This continues and finishes my two-part series on warehouse load patterns. There are many methods to transfer rows between systems from a basic design perspective. This isn’t specific to any ETL tool but rather the basic patterns for moving data. The most difficult part in designing a pattern is efficiency. It has to be accurate and not adversely impact the source system, but this is all intertwined and dependent on efficiency. You only want to move the rows that have changed or been added since the previous ETL execution, deltas. This reduces the network load, the source system load (I/O, CPU, locking, etc.), the destination system load. Being efficient also improves the speed and as a direct result it increases the potential frequency for each ETL run, which has a direct impact on business value.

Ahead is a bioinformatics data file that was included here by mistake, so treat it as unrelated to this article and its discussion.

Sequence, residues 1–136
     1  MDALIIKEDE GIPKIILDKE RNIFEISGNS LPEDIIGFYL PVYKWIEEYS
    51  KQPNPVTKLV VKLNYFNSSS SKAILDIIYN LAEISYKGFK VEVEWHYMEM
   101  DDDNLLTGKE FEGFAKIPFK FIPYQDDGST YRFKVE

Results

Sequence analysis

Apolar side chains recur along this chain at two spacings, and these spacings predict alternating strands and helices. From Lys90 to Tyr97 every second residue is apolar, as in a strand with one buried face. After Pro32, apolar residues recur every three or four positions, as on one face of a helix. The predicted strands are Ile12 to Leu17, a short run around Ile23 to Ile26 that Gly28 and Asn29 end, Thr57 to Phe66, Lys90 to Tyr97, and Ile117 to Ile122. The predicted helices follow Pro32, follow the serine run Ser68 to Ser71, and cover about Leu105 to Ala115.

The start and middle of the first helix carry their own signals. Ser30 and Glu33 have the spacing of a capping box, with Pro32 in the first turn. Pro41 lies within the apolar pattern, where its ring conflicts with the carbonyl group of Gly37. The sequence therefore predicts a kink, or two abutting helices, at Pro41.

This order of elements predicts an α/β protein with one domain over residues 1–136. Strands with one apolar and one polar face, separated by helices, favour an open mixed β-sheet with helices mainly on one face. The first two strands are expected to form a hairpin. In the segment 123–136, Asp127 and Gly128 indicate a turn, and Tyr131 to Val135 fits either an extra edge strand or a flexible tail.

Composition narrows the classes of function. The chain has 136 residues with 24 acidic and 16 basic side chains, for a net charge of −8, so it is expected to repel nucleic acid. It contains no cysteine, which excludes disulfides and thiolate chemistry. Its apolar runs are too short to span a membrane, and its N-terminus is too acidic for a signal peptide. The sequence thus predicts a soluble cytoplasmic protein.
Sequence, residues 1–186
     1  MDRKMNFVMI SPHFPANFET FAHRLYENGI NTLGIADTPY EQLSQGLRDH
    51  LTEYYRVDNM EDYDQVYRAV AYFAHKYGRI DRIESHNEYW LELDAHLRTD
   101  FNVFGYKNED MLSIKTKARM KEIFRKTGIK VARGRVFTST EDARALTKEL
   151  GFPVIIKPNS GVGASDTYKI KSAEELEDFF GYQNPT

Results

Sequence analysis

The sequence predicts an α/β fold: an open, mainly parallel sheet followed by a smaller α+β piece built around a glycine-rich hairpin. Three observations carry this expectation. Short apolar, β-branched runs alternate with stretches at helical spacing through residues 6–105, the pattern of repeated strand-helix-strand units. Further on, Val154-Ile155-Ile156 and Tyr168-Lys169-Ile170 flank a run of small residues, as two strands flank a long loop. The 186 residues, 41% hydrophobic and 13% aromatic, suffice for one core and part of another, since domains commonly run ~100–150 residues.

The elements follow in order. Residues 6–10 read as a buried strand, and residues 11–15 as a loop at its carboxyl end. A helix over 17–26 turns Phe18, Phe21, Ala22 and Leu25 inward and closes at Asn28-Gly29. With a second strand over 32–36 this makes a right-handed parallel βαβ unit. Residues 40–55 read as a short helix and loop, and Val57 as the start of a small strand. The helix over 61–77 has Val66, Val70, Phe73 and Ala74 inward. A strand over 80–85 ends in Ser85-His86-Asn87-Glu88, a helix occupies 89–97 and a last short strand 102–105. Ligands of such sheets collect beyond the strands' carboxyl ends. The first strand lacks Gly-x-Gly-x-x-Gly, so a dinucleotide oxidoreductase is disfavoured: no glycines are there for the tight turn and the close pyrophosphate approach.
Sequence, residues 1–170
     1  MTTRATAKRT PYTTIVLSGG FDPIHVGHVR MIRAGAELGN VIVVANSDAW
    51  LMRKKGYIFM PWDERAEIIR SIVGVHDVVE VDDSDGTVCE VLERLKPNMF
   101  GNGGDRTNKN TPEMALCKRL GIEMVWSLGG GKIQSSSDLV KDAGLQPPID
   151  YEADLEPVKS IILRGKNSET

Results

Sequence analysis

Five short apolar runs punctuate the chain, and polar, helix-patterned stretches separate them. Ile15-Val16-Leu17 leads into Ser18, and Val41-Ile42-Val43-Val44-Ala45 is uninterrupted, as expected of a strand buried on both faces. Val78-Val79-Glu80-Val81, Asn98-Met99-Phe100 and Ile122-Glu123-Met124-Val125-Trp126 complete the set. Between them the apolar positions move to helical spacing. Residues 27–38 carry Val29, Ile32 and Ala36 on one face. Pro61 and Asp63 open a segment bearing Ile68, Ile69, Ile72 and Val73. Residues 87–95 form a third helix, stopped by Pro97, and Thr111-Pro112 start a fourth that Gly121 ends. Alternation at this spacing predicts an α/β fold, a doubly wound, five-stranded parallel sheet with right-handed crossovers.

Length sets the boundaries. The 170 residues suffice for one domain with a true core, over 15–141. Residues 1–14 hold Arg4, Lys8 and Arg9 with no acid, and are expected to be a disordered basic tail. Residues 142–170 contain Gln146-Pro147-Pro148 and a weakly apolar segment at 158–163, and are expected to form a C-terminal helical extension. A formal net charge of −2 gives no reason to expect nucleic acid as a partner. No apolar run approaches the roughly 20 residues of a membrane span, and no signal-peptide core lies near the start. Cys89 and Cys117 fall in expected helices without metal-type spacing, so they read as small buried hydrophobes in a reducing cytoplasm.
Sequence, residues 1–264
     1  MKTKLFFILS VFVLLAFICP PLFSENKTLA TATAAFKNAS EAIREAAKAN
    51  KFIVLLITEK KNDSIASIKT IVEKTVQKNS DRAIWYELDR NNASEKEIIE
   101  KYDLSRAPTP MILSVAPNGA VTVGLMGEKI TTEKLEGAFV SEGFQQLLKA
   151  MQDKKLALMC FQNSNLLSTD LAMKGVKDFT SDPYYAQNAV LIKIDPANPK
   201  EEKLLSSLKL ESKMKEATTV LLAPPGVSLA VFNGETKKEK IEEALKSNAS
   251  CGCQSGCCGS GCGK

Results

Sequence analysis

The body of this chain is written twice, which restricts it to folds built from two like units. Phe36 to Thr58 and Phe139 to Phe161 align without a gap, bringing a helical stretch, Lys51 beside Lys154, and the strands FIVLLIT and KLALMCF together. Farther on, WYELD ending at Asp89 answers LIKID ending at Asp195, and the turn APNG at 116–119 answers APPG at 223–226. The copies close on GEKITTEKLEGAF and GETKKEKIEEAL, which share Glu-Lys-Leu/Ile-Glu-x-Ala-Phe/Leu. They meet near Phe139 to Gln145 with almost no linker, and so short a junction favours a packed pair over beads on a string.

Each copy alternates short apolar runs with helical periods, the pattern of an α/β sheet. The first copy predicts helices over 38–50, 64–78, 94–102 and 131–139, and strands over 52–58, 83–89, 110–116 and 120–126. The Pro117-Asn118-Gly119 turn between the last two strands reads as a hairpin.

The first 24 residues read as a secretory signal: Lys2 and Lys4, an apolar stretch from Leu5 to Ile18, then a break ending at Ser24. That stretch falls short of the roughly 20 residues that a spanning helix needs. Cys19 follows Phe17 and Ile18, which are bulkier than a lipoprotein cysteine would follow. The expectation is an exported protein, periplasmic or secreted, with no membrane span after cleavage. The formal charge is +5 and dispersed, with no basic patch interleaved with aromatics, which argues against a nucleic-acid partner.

The pattern you select depends on many things. The previous part of the series covers generic design patterns and considerations for warehouse loads that can be applied to most of the ETL designs presented below. This section covers patterns I have used in various projects. I’m sure there are some patterns I have missed, but these cover the most used types that I have seen. These are not specific to any data engine or ETL tool, but the examples use SQL Server as a base for functionality considerations. Design considerations, columns available, administrative support, DevOps practices, reliability of systems, and cleanliness of data all come into consideration when choosing your actual ETL pattern.
Click through for a compendium of common patterns you can use to indicate that a row should go into a warehouse.